That Class ultimately resorts to the nuclear option shows a certain bravery on the part of the creative team. Glib comments about becoming the monster aside, we are for the most part spared the seemingly obligatory wrestling of conscience about whether or not to press the button – and in the end, the Shadow Kin are eradicated precisely because they thought they wouldn’t be. It comes as a surprise because it flies in the face of what’s come before: there is a scene at the end of almost every action movie where the cop-on-the-edge has the chance to kill his adversary and decides not to, only to have said adversary break free of police custody and pull out a hidden revolver, whereupon the cop shoots him in the head. It is refreshing when, at the end of Se7en (spoiler alert!), Brad Pitt ignores Morgan Freeman’s pleas to drop his gun and does exactly what we’d all do under similar circumstances. The same thing happens here: Charlie’s decision to sacrifice April, even at her behest, is pleasingly casual even as it is ultimately noble. That’s not to say that his hand wasn’t forced, of course. It’s always tempting to conclude that there should have been another way: this time, there really wasn’t.
The Shadow Kin have always been the series’ weak element – somewhat paradoxically, since they serve as its main antagonist – and perhaps the best thing about The Lost is that it concludes their arc by seemingly killing them off for good. Indeed, Class follows the pattern of many of its predecessors by establishing a new antagonist in its closing minutes, opening a box file of new questions just as it manages to answer a few of the old ones. That said antagonist turns out to be the Weeping Angels is both uproariously cheeky and slightly baffling; it feels like a throwback to the closing sequence in Tim Burton’s Planet of the Apes remake, or Doc’s final conversation with Marty at the end of Back To The Future, where he declares “Something’s gotta be done about your kids!”. That was a joke that Zemeckis and Gale used as a starting point for a not-entirely successful follow-up. Similarly it remains to be seen whether Patrick Ness can stretch this particular punch line to a full series. Not that we should berate him for opening this particular can of worms: sometimes that’s the only way to catch fish.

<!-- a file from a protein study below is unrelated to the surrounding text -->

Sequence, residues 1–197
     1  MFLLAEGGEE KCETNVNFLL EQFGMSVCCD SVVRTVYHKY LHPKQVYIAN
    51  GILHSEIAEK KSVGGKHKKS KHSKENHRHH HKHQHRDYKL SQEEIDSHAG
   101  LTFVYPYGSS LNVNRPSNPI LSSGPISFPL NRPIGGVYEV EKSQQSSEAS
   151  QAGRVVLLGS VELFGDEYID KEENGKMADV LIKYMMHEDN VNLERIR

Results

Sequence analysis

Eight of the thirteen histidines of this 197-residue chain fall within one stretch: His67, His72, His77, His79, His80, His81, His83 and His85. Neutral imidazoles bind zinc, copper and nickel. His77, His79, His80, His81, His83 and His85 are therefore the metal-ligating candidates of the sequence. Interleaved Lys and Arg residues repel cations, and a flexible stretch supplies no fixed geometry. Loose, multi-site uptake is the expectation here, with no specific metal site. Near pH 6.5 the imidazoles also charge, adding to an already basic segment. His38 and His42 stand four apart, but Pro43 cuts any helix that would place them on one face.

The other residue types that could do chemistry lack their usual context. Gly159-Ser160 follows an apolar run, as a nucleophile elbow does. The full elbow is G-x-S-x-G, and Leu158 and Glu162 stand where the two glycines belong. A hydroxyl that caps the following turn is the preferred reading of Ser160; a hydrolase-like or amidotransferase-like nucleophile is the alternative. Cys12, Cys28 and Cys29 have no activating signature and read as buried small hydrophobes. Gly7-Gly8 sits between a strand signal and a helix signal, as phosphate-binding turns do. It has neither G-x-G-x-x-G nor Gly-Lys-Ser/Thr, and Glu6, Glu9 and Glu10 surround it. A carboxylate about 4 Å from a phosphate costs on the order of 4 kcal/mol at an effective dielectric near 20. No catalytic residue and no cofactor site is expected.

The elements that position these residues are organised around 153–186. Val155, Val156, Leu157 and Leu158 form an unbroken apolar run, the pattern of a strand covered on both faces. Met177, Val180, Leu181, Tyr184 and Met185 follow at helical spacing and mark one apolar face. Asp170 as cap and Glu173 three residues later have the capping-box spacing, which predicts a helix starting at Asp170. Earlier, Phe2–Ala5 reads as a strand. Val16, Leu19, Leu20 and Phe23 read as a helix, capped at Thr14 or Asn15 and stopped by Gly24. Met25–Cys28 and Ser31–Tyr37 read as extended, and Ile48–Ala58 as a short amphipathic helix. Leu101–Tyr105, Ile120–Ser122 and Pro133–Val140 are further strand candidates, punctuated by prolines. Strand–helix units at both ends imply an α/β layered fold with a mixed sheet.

The question of where Class is going next depends, surely, on its reception on BBC One and over in America, where it has yet to be broadcast. In a year of big disappointments, the show was a pleasant surprise, succeeding far more than it failed. Class has come a long way from its shadowy beginning – it isn’t the British Buffy yet, not by a long shot, but if the twists and turns of the blood-soaked finale and its genocide leitmotif have taught us anything, then surely it ought to be that the BBC has created something that’s only just beginning to tap into its potential. Given wider scope and a bigger budget, there are all sorts of places that Miss Quill and her students can go, as long as they’ve got the audience along for the ride.
And as long as Donald Trump doesn’t see it. That’s just asking for trouble.